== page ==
Head of an Old Woman (Tete de Vieille Femme)

Head of an Old Woman (Tete de Vieille Femme)

photo: Bruce M. White
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About This Work

Honoré Daumier (French, 1808-1879)
Head of an Old Woman, 1856–60
Oil on panel
21.9 x 16.5 cm. (8 5/8 x 6 1/2 in.)
Signed lower right: h.D.


Monsieur Bernard. [Ambroise Vollard (1867–1939), Paris]; sold to Leo Stein (1872–1947) and Gertrude Stein (1874–1946), Paris, 24 Aug. 1904 to ca. 1924  [Durand-Ruel, New York, ca. 1924]. J. M. Price, New York, 1958. Nicholas de Koenigsberg and Charles Mitchell, joint owners, by 29 Jan. 1958; Nicholas de Koenigsberg and Henry Pearlman, joint owners, by 4 Feb. 1958; full interest sold to Henry Pearlman, by 13 May 1960; Henry and Rose Pearlman Foundation, after 1974.

Critical Perspective

Daumier is most famous for prints satirizing modern life, but another aspect of his talent can be found in his oil paintings, made after government censorship curtailed his printmaking activity. These paintings were little known during his lifetime and this one is a rare treasure in part because it is in such excellent condition. Daumier's experiments with various oil techniques often proved to be problematic, and many of his other works have become severely compromised over time.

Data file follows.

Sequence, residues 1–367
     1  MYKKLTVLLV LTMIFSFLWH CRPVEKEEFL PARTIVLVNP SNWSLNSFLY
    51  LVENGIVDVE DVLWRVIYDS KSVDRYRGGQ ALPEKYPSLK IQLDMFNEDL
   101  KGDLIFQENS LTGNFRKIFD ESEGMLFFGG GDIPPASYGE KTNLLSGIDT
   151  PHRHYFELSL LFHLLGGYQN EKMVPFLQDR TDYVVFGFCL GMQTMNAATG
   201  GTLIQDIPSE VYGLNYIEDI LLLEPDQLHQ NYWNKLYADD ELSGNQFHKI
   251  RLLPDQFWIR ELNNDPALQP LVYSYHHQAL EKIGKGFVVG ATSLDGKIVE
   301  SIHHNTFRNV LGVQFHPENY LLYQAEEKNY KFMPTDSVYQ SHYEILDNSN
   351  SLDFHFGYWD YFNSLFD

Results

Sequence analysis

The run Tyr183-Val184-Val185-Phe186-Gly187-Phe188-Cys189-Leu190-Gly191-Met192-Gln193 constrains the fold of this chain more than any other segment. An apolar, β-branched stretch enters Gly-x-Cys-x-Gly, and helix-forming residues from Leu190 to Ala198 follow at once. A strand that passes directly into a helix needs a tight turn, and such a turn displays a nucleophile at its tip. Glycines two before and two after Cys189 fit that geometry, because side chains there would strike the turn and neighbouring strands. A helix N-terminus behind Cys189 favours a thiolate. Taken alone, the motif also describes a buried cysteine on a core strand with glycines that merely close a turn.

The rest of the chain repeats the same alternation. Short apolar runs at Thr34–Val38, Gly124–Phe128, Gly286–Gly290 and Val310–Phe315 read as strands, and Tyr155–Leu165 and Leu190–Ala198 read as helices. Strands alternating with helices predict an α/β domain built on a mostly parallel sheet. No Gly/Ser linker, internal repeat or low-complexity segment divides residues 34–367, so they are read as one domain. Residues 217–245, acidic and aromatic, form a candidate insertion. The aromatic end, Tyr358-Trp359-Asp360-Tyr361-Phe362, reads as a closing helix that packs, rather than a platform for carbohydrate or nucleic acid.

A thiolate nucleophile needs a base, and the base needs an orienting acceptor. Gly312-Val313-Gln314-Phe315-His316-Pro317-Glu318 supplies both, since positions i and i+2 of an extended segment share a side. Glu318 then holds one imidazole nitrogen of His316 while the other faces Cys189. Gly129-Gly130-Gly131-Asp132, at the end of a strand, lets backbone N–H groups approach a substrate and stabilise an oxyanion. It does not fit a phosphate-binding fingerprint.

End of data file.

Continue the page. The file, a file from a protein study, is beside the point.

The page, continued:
As in his famous, bitingly satirical caricatures, Daumier strove in his paintings not merely to imitate life but also to expose its unpleasant or officially censored aspects. His refusal to idealize the old woman in this portrait can be seen as a critical rejection of romantic or classical styles and an attempt to represent working-class people within the realm of high art.

The verve of Daumier’s brushwork appealed to later collectors, including the author Gertrude Stein, who once owned this painting.

Henry Pearlman writes about his discovery that this work was previously owned by Leo and Gertrude Stein.